It’s huge. With about 18,000 acres of wetland estuary, it’s larger than Central Park, Prospect Park and Van Cortland Park combined. It’s beautiful. Numerous islands and a labyrinth of waterways, meadowlands and freshwater ponds host more than 330 species of birds, 60 species of butterflies, and one of the largest horseshoe crab populations in the Northeast. It’s historic. Over the past two centuries, the area has been used for fish-oil and horse-rendering factories, landfills, sewage treatment plants, harvesting oysters, and of course, various forms of recreation.
And now Jamaica Bay is on display at Resorts World Casino New York City. More information and photos informing on Hidden in Plain Sight: The Wonders of Jamaica Bay, a multi-media exhibition that was unveiled this morning, appear on the jump page.
Hindus cleanse their sins by making an offering into a body of water. India’s Ganges River is the world’s most famous spot for this ritual, which is called “Ganga Pooja,” but the most common Queens venue is a Jamaica Bay beach on the Broad Channel side of the Joseph P. Addabbo Memorial Bridge.
Of course, practitioners of this religion are not the only ones who leave litter in Jamaica Bay, but many of their offerings are not biodegradable. Thus, after the Ganga Poojas first appeared roughly 25 years ago, they immediately attracted negative attention from residents of Howard Beach, Broad Channel, and the Rockaways. Enter Sadhana, an NYC-based coalition of Hindus bent on asserting principles of tolerance and inclusiveness.
It’s time to break away from winter and jump into the great outdoors! Good thing the borough is ready. Tomorrow, the Queens Botanical Gardens will host two programs for nature lovers. At 10 am, the Flushing green space will launch its intergenerational garden (above). Interested individuals will be able to tour the facilities, meet gardeners of all races and ages, and learn the ropes with the coordinator. Then at noon, QBG will offer an introductory workshop on how to grow summer vegetables indoors. Meanwhile just south of Little Neck Bay, Urban Park Rangers will teach wilderness survival at the Alley Pond Park Adventure Center. Participants of all ages will learn how to build shelter, start a fire without matches, and find water sources in a forest. The fun continues on March 10th at the Rockaway Community Park Coastal Clean-Up, where do-gooders will work with Natural Areas Volunteers from the Parks Department to remove debris from the shoreline and protect Jamaica Bay’s natural habitat.
- Intergenerational Garden Open House, Queens Botanical Gardens, 43-50 Main Street, Flushing, March 8th, 10 am, free.
- Start Your Summer Veggies Indoors, Queens Botanical Gardens, 43-50 Main Street, Flushing, March 8th, noon, $6, advance registration and payment required at firstname.lastname@example.org or 718-886-3800 ext. 230.
- Wilderness Survival, Alley Pond Park Adventure Center, vicinity of Little Neck Bay, Long Island Expressway, Union Turnpike, Springfield Boulevard, Douglaston Parkway and Hanford Street, March 8th, 11 am, free, but call 718-352-1769.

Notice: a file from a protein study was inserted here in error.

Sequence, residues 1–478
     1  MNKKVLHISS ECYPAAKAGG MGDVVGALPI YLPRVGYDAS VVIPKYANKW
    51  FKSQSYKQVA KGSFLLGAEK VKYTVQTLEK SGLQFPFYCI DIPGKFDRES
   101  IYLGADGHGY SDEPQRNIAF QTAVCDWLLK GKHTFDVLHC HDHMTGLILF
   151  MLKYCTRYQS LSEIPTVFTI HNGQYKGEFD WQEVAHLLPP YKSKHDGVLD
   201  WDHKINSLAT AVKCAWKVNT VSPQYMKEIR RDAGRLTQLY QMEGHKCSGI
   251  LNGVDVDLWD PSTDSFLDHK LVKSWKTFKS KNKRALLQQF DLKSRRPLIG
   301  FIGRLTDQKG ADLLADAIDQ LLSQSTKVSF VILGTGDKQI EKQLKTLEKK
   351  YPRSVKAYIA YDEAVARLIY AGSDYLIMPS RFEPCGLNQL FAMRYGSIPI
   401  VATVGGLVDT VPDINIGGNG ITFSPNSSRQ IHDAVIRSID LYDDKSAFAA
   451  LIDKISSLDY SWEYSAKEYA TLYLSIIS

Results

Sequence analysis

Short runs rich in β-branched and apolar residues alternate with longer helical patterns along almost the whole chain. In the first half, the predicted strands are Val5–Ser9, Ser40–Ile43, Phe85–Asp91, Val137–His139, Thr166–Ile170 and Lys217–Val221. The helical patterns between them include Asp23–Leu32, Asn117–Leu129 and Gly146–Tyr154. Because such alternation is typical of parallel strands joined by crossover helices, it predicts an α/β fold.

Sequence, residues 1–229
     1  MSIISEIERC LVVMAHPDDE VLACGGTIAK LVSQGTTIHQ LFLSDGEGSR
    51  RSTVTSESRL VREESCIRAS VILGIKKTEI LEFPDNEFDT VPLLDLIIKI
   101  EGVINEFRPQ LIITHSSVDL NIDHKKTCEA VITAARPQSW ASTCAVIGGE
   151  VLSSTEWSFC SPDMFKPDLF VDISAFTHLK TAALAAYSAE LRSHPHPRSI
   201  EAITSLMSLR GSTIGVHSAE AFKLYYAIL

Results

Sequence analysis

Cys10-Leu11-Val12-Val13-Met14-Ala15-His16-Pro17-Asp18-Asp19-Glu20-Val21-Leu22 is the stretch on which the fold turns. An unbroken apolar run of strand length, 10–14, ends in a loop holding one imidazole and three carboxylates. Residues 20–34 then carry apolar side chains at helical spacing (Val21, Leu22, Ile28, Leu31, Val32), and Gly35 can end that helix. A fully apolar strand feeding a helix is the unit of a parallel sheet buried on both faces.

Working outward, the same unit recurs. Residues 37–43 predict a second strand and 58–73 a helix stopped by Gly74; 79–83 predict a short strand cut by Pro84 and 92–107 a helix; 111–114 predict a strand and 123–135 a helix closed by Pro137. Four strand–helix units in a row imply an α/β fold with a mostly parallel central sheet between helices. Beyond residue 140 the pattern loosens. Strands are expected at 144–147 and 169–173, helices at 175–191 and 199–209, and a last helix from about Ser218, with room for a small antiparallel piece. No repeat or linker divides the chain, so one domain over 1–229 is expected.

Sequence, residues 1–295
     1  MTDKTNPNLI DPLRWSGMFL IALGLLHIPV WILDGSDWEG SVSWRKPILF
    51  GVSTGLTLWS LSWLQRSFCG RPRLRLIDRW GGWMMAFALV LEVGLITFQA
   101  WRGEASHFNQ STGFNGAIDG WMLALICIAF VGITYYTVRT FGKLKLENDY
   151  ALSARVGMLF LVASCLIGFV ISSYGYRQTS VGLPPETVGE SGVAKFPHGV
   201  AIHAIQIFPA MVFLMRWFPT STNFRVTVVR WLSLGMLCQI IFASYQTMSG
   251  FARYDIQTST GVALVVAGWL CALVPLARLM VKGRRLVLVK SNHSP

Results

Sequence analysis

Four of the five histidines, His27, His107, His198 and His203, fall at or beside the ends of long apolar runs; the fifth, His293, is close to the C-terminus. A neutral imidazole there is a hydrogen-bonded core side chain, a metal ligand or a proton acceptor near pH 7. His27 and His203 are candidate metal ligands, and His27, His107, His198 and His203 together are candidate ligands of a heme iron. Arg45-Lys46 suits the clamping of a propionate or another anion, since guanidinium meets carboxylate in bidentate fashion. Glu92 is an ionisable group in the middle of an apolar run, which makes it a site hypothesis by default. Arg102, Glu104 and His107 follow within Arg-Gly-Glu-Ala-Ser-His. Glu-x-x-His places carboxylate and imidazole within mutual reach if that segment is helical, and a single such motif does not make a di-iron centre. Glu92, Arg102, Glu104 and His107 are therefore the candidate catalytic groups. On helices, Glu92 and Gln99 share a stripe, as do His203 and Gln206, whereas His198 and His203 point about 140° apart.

- Rockaway Community Park Coastal Clean-Up, meet at corner of Almeda Avenue and Beach 58th Street, Far Rockaway, March 10th, 9 am to 1 pm, free, but register via 212-360-3318 or email@example.com.
The American Littoral Society, a coastal conservation non-profit located in Jamaica Bay, is hosting an ecology tour of Jamaica Bay by boat. It’s a three-hour narrated cruise aboard the 100-foot boat “Golden Sunshine,” which will travel through the backwater marshes near JFK Airport and the 13,000-acre Jamaica Bay Wildlife Refuge. Your tour guides, the noted naturalists Don Riepe and Mickey Cohen, will point out nesting peregrine falcons, ospreys, egrets, shorebirds, and waterfowl. It’s scheduled from 3:30 to 6:30 pm, on Saturday, September 28th. Tickets are $55 and include fruit, cheese, wine, and other snacks and refreshments during the trip. You can purchase tickets here.
Photo by peterjr1961
Image Source: Arcadia Publishing: Jamaica Bay
It’s a chance to make history, star in a movie and live on in perpetuity. Dan Hendrick, who is currently working on the documentary Jamaica Bay Lives, and the Queens Memory Project are looking for people to share their stories, photos, mementos and thoughts on the neighborhoods stretching from Howard Beach through the Rockaways to Breezy Point. On April 24, Hendrick and QMP partners Queens College and Queens Library will be interviewing past and current area residents during Jamaica Bay Community History Night at the Broad Channel Branch Library. Hendrick noted that this is the chance to preserve local history before it becomes a fuzzy memory. He added that Hurricane Sandy has added a whole new chapter to this project.
Jamaica Bay Community History Night
Broad Channel Branch Library
16-26 Crossbay Boulevard, Broad Channel
Wednesday, April 24
4pm – 7pm | Free
Image source: Ranger Dave Taft, Gateway National Recreation Area
We learned via the Osprey’s Journey blog that Coley, the osprey that scientists have been tracking throughout the winter, has made it back to Jamaica Bay! He was in South America during the winter, but as of 5:20pm on March 20, Coley was spotted by Jamaica Bay naturalist Don Riepe. Coley was “sitting in the marsh by his nest with his mate while she was eating a fish.”
Image source: NYC Parks Department
The Times Ledger reports that the city Parks Department and National Parks Service have issued a Request for Proposals for kayak, canoe, and bike rental stations, as well as mobile food units on the city and federal land in Jamaica Bay, the Rockaways, and Gateway National Recreation Area. The RFP was issued earlier this week.